What's New: Opus 754 Conservation Update

Pipes Removed for Final Phase

Skinner Player Pipe OrganBrucemore kicked off the final phase of conservation on the rare residential 1929 Skinner Player Pipe Organ in October of 2017 with the remaining pipes leaving the site in April of 2018. Staff expect the console and all of the pipes will be returned by the end of 2018 in time for the 2018 holiday season.

The Skinner Organ Company designed, built, and installed Opus 754 for the second matriarch of Brucemore, Irene Douglas, in 1929. She joined Andrew Carnegie, Louis Comfort Tiffany, and John D. Rockefeller as owners of residential organs. Brucemore’s organ is one of only 92 residential organs ever constructed by the Skinner Organ Company and one of only six that remain unaltered and in situ.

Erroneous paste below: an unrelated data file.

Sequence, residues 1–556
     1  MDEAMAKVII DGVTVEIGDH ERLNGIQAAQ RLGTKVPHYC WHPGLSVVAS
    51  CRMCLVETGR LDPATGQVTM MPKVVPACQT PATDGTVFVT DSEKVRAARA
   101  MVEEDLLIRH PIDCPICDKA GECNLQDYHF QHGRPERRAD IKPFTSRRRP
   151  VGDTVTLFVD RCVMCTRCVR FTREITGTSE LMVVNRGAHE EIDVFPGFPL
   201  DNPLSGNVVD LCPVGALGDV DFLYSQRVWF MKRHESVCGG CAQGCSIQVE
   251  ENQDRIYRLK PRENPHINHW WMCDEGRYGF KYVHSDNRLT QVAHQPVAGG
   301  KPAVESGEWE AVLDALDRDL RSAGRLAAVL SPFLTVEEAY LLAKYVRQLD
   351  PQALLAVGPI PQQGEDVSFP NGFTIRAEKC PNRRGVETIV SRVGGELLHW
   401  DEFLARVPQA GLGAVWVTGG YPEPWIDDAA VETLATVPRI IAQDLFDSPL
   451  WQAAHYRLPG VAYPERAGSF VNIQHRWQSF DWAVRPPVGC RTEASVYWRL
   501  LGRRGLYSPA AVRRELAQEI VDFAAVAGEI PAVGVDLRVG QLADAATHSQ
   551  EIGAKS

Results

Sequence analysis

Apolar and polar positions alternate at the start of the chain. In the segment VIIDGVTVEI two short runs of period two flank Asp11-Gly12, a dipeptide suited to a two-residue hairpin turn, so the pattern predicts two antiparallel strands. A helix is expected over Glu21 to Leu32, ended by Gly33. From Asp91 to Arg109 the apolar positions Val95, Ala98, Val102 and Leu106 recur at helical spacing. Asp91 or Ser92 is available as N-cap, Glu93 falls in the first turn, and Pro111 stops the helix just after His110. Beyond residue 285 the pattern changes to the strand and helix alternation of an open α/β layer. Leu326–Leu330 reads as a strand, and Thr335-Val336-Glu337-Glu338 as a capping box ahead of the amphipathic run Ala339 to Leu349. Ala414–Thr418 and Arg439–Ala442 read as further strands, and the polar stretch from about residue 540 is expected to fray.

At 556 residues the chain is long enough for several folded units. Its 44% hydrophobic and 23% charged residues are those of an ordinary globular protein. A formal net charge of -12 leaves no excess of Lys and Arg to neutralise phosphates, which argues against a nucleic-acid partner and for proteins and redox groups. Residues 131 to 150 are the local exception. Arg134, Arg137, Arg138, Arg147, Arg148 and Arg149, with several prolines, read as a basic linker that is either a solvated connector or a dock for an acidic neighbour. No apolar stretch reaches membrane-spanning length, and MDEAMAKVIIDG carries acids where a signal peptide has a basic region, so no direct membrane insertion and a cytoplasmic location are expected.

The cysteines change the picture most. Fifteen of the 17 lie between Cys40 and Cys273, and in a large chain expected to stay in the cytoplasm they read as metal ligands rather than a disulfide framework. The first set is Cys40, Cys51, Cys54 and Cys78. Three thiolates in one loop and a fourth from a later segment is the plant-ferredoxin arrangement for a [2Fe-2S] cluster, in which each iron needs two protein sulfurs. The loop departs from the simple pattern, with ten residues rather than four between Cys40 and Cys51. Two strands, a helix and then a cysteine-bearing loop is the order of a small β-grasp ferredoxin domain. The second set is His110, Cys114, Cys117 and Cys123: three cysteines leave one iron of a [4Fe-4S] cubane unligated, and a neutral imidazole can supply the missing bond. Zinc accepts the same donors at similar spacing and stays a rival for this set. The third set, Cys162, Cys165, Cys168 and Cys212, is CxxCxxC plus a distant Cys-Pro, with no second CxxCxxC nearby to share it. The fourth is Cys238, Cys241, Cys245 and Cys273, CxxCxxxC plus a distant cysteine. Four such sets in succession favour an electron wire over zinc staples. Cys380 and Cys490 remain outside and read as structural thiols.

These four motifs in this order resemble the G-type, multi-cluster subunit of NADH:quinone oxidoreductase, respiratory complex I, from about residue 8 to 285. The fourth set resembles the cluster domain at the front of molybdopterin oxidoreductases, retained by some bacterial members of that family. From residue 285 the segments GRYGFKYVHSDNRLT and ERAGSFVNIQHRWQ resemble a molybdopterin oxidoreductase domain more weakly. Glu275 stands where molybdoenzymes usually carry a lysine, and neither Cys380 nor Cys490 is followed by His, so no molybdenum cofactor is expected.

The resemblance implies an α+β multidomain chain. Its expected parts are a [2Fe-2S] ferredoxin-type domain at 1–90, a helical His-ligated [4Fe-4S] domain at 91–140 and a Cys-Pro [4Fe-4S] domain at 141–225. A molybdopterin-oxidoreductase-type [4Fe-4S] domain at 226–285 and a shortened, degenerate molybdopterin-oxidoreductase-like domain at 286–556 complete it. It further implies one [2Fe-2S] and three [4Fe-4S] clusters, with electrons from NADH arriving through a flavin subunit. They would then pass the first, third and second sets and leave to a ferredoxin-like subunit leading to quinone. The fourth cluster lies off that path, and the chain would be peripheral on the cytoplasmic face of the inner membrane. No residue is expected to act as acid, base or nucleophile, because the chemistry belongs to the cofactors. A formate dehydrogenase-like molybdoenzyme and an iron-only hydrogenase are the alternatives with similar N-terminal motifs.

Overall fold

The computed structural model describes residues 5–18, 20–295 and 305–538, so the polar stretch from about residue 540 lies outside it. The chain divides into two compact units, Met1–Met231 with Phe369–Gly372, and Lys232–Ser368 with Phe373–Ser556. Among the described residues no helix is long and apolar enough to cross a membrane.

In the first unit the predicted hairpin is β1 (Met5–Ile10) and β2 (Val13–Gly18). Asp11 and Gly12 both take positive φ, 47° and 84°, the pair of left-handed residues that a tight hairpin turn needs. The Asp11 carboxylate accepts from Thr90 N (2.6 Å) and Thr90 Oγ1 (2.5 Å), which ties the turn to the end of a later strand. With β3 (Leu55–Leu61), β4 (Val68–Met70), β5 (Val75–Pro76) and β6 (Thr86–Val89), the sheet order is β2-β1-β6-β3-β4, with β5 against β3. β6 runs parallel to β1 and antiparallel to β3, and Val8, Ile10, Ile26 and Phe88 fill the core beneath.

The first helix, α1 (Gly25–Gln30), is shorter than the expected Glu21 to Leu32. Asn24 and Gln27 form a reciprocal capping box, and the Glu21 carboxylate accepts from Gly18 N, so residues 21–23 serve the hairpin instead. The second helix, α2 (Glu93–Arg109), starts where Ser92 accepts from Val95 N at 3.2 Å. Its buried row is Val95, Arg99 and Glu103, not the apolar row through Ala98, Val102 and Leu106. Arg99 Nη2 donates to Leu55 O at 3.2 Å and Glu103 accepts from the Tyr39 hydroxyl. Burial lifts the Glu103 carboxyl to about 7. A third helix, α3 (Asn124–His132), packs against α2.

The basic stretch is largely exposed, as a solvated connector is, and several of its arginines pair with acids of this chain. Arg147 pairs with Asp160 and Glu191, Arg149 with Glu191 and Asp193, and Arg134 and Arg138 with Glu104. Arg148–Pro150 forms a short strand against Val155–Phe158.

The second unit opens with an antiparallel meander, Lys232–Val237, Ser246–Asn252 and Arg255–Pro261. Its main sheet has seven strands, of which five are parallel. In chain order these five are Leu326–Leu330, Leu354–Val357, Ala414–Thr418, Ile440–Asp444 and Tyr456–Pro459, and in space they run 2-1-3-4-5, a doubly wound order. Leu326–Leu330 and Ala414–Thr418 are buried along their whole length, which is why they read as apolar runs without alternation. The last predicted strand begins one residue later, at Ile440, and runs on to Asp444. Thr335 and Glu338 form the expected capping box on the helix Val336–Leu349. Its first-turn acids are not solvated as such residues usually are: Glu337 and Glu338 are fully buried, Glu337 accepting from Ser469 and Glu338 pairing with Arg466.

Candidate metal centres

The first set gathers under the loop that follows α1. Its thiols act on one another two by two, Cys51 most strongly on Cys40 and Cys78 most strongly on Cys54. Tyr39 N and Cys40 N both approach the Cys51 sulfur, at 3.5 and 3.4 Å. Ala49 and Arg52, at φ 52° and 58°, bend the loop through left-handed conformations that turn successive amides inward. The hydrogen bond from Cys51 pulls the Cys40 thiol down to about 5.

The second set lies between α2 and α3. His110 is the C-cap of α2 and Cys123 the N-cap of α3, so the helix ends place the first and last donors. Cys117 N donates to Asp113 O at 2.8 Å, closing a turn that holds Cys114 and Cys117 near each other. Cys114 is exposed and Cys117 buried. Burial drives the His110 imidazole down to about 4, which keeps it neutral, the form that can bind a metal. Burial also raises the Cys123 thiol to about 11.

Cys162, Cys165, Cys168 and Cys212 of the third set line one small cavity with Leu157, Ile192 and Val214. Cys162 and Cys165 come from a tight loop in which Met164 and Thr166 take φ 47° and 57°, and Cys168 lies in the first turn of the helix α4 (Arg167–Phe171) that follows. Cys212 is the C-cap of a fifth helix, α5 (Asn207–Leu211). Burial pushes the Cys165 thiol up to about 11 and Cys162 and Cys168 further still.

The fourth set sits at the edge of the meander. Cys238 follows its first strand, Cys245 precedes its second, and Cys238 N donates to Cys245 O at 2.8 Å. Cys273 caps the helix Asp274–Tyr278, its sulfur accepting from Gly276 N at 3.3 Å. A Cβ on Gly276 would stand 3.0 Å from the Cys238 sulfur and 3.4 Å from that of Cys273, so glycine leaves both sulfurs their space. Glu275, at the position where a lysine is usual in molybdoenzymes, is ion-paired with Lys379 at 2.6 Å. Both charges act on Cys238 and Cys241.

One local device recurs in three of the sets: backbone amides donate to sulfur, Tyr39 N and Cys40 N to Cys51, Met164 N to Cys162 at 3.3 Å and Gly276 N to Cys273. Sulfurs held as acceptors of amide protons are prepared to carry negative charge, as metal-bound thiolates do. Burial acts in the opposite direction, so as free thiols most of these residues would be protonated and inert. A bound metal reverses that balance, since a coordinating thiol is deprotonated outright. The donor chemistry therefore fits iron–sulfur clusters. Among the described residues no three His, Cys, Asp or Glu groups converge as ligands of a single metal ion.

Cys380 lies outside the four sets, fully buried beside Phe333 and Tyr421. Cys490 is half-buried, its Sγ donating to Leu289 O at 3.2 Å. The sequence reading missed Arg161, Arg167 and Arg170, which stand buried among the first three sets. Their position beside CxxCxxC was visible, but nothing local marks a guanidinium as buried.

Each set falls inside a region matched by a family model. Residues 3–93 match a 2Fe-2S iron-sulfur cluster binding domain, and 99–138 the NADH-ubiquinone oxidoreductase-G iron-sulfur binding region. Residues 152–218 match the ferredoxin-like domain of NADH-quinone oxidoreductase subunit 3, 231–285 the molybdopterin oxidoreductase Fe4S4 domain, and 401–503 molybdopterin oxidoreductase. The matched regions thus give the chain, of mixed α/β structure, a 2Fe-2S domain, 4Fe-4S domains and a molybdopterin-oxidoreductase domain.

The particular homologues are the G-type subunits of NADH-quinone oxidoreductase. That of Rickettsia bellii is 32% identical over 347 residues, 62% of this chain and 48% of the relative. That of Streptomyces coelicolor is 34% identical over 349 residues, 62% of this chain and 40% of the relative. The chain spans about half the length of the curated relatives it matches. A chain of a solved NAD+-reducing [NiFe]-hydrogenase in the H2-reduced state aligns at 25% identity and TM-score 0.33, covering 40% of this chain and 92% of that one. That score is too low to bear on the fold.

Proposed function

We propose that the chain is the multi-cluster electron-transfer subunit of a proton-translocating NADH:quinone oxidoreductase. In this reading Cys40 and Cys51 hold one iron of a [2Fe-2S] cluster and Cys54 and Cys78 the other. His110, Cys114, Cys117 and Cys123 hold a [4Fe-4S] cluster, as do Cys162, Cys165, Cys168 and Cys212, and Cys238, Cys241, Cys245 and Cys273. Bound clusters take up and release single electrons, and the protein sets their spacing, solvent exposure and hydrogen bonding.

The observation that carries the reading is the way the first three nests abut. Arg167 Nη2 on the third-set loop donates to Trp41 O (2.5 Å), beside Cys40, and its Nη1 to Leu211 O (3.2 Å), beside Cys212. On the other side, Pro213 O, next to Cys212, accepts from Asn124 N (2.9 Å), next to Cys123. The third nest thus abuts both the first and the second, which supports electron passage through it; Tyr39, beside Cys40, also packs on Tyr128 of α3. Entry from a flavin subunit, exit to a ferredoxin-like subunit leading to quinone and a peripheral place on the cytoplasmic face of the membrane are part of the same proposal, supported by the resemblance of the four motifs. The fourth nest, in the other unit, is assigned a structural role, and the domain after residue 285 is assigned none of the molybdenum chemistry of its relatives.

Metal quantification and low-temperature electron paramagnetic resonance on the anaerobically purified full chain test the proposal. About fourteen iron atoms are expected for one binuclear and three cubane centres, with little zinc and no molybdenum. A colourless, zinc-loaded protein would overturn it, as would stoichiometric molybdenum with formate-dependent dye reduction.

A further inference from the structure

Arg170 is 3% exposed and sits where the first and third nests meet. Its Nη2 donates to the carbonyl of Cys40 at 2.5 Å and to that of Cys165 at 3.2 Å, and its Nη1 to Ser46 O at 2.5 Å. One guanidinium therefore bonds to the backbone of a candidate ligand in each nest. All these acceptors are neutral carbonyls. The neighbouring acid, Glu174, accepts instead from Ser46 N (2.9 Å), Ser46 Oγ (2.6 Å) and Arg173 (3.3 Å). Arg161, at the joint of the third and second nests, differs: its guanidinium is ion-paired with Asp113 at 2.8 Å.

In 2013, conservator Jeff Weiler conducted a survey of the instrument, documenting the current condition of the organ and providing recommendations for future work. The survey revealed the organ was long overdue for a full restoration. Pipe organs should be restored every 50 to 60 years, and for Opus 754 to have survived for more than 80 years without restoration is a testament to the craftsmanship. The first phase was completed in 2014 with the restoration of the three-horsepower motor, direct current generator, blower room reservoir, player system relay, and pedal relay. In October 2017, the organ console and a few of the 715 pipes were removed for restoration.

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History of Opus 754

The Gazette's feature on the conservation update from October 13, 2017.

Conservation process